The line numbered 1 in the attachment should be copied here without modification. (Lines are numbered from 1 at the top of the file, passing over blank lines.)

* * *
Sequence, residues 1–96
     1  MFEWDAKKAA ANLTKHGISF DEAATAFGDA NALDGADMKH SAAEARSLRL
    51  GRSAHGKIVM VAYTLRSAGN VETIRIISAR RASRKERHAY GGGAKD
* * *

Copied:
Sequence, residues 1–96